How fast do bed bugs spread?
In short: exponentially fast…
Albert Einstein probably didn’t actually say that compound interest was the most powerful force in the universe. But whether he said it or not, there’s a ring of truth to it.
The bed bug reproductive cycle works in much the same way. Every new bed bug produced has the potential to create hundreds more. So over time, the number of bugs will climb substantially.
That’s exponentiality in action, folks.
Let’s imagine we start with one gravid female. And let’s say that she lays 200 eggs before she finally dies at the ripe old age of four months.
Depending on temperature, the eggs will hatch and the baby bed bugs will reach sexual maturity in around 100 days. Of those 200 eggs, around half will be female.
So by the end of her life, our initial female bed bug has given birth to 100 daughters. By bed bug standards, this family is on the small side.
Each of these 100 female bed bugs can and will lay hundreds of eggs of her own. Given our first gravid female had 100 daughters, it’s fair to assume that her hundred daughters would each have 100 daughters of their own.
That’s 10,000 female bedbugs in less than a year. And remember, there would be just as many males as females.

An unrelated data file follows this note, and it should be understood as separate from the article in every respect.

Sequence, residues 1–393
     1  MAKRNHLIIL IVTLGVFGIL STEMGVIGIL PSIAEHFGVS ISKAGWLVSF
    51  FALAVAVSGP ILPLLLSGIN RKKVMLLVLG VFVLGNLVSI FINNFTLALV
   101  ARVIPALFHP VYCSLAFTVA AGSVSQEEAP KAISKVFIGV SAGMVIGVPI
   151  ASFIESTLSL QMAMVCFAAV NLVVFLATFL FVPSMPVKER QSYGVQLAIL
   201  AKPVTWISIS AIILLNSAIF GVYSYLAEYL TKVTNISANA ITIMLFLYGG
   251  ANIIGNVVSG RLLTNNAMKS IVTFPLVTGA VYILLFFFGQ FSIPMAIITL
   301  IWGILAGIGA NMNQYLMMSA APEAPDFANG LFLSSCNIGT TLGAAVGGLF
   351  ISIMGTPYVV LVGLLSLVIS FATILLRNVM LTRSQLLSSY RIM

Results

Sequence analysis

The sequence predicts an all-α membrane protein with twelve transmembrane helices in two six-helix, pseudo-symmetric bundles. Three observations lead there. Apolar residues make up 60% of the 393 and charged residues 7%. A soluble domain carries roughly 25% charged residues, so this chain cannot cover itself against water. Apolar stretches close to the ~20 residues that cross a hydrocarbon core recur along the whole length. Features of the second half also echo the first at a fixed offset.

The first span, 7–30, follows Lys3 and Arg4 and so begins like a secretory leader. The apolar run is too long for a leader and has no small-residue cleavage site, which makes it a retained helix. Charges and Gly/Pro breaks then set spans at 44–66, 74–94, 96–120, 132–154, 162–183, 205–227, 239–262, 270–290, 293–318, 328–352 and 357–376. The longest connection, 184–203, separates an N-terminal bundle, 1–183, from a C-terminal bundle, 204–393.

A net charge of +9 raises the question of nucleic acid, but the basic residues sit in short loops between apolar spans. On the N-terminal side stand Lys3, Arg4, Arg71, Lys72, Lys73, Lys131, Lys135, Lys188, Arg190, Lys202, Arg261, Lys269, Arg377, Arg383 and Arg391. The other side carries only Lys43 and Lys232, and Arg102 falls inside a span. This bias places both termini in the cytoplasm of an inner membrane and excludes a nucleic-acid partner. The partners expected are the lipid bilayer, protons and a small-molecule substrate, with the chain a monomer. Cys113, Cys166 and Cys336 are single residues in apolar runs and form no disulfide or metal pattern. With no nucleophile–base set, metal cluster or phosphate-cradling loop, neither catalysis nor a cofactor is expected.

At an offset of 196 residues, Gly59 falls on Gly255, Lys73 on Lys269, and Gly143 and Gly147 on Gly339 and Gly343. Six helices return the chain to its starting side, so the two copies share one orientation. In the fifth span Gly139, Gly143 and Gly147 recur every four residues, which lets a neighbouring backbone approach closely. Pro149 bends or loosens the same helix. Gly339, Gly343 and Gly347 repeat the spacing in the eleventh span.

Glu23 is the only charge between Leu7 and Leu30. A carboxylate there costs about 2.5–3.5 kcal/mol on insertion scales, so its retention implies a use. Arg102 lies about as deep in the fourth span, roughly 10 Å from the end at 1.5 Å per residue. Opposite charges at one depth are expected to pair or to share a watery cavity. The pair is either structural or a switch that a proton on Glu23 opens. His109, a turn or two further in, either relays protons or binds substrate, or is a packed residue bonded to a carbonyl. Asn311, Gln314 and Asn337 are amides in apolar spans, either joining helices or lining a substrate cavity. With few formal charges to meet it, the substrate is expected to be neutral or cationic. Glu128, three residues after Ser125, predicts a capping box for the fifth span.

In any healthy bed bug population, there are always many times more bed bug eggs than there are adults – which is why it’s so important to kill off bed bug eggs as soon as you can. If left unchecked, bed bug populations will continue to climb.
And the bigger the population, the faster it will grow. Serious infestations become extremely difficult to treat because bed bugs breed faster than they can be killed.
If we stopped killing bed bugs tomorrow, we would probably be drowning in them within a decade. And that’s just no way to live.
How do bed bugs spread from house to house?
Bed bugs feed on people, for they don’t typically travel on people. While it’s not impossible, it’s far more common for bed bugs to travel on inanimate objects. Furniture. Clothes. Books.
Almost anything in your home could be a hiding place for bed bugs.